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Murmansk Letter: Northern Lights brighten prospects for Arctic’s biggest city

Russia’s land of the midnight sun said to have inspired creator of Chanel No. 5

Sitting inside the Arctic Circle almost 2,000km north of Moscow, the city of Murmansk feels far from almost everywhere in Europe, and certainly from the glittering fashion houses of Paris and grand French Riviera perfumeries of Grasse.

Yet memories of this region are said to have inspired Ernest Beaux to create the scent that became Chanel No. 5, after the Moscow-born perfumer settled in France following the Bolshevik revolution of 1917 and Russian civil war.

It was in Grasse in 1920 that he met Coco Chanel, apparently through her then companion, Grand Duke Dmitri Pavlovich, an exiled Russian nobleman who had participated in the murder four years earlier of Grigory Rasputin, the peasant mystic who wielded dubious influence over the family of the last tsar, Nikolai II.

Beaux had succeeded his father as head perfumer of Alphonse Rallet & Co, purveyor to the Russian court, and then served in the French military during the first World War and later in an Allied "intervention" force that entered northern Russia when the Bolsheviks withdrew from the conflict after ousting the tsar.


Beaux was among tens of thousands of Allied troops who were sent to Russia to prevent the Germans seizing military stores and establishing bases in the far north, and who also took part in the country’s post-revolution civil war by helping the White Army fight the Bolsheviks.

That effort was doomed, but Beaux is quoted as saying in a 1946 lecture that his sojourn in Arctic Russia remained vividly with him on the sunny Cote d’Azur.

‘Characteristic scent’

“I am asked when I created Chanel No. 5. It was in 1920, just after I returned from the war. Part of my military campaign was spent in northern Europe, beyond the Arctic Circle, during the time of the midnight sun when the lakes and rivers exude a special freshness. I kept this characteristic scent in my memory, and after a lot of effort and work I managed to recreate it.”

Beaux also served in the northern Russian city of Arkhangelsk and at an infamous camp for Bolshevik prisoners on Mudyug island, but they are not inside the Arctic Circle – prompting Murmansk to claim the link to Chanel No. 5 for itself.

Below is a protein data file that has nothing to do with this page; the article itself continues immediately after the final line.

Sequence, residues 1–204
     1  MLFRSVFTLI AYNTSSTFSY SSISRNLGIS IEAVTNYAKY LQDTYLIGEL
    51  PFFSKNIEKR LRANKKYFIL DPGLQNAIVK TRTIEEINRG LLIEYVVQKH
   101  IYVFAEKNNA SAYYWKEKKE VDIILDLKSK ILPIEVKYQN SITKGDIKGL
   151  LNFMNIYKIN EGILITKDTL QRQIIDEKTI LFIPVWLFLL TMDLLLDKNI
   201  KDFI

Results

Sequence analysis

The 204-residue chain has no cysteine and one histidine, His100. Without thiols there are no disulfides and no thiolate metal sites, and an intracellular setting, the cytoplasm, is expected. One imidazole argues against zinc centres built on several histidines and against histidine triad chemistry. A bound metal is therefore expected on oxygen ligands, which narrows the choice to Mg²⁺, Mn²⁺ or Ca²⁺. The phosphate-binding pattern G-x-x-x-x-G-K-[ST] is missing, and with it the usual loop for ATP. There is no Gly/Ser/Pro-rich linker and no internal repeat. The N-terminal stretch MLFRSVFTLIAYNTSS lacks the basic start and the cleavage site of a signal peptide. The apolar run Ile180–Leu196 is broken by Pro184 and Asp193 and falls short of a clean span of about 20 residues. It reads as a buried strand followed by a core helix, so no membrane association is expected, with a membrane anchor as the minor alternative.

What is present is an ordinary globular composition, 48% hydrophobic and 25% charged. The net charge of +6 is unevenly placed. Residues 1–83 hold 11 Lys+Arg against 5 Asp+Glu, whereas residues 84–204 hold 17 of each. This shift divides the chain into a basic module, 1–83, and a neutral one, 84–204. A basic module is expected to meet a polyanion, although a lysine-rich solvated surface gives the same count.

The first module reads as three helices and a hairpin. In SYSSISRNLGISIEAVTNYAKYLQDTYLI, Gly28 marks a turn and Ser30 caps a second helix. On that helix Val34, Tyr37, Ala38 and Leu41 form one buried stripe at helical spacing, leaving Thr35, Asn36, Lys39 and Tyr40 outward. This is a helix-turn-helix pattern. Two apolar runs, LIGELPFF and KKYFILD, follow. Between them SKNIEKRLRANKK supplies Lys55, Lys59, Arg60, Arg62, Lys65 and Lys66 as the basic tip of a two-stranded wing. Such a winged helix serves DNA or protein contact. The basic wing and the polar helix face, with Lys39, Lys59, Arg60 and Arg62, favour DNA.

Murmansk is barely older than the famous perfume, having been officially founded in 1916 on an ice-free bay where Allies could deliver wartime supplies to Russia.

It was the last city founded by Imperial Russia, and was originally named Romanov-on-Murman, combining the names of the ill-fated royal family and this stretch of coastline on the Barents Sea.

Local historians say many foreign workers helped build the city – where the sun does not rise above the horizon for several weeks in winter, and does not set for a similar spell in summer – and its own small Chinatown even emerged in the 1920s.

Chinese tourists

A century on, the Arctic's biggest city and the surrounding Kola Peninsula were experiencing a remarkable boom in Chinese tourist numbers before the coronavirus pandemic struck.

In 2019, almost a quarter of Murmansk's 67,000 foreign visitors came from China – some 16,000 people, compared to just 167 in 2013 – and a significant portion of the rest came from other Asian states.

The rise coincided with a sharp weakening of the rouble and a promotion campaign by Murmansk tourist officials who realised how many Chinese were looking for a relatively cheap way to see this region’s greatest natural wonder – the Northern Lights.

“They have a lot of legends associated with the Northern Lights – that they bring luck and happiness to you and your children,” explains Kostya, a taxi driver in Murmansk, which is home to some 300,000 people.

Local guides now offer “aurora hunting” nights, using weather and geomagnetic activity forecasts to find the best place and time to view the aurora borealis.

“The pandemic hasn’t been too bad for business. More Russian visitors have started coming, and domestic tourism might be the only sector that’s getting real government help,” says Alex, a guide in Murmansk. “Along with the port and the military, it’s now an important source of jobs in Murmansk.”

Glossy brochures in Russian, English and Chinese offer visitors husky-sled rides, visits to an indigenous Sami village, ski and snowmobile trips, and also excursions to Teriberka, the fishing outpost where Andrei Zvyagintsev set his acclaimed 2014 film Leviathan – and which served as a symbol of corruption, decay and despair in modern Russia.

“Lots of Chinese tourists really love Teriberka,” says another driver, Andrei. “To see the Northern Lights over the Arctic Ocean – that’s their dream.”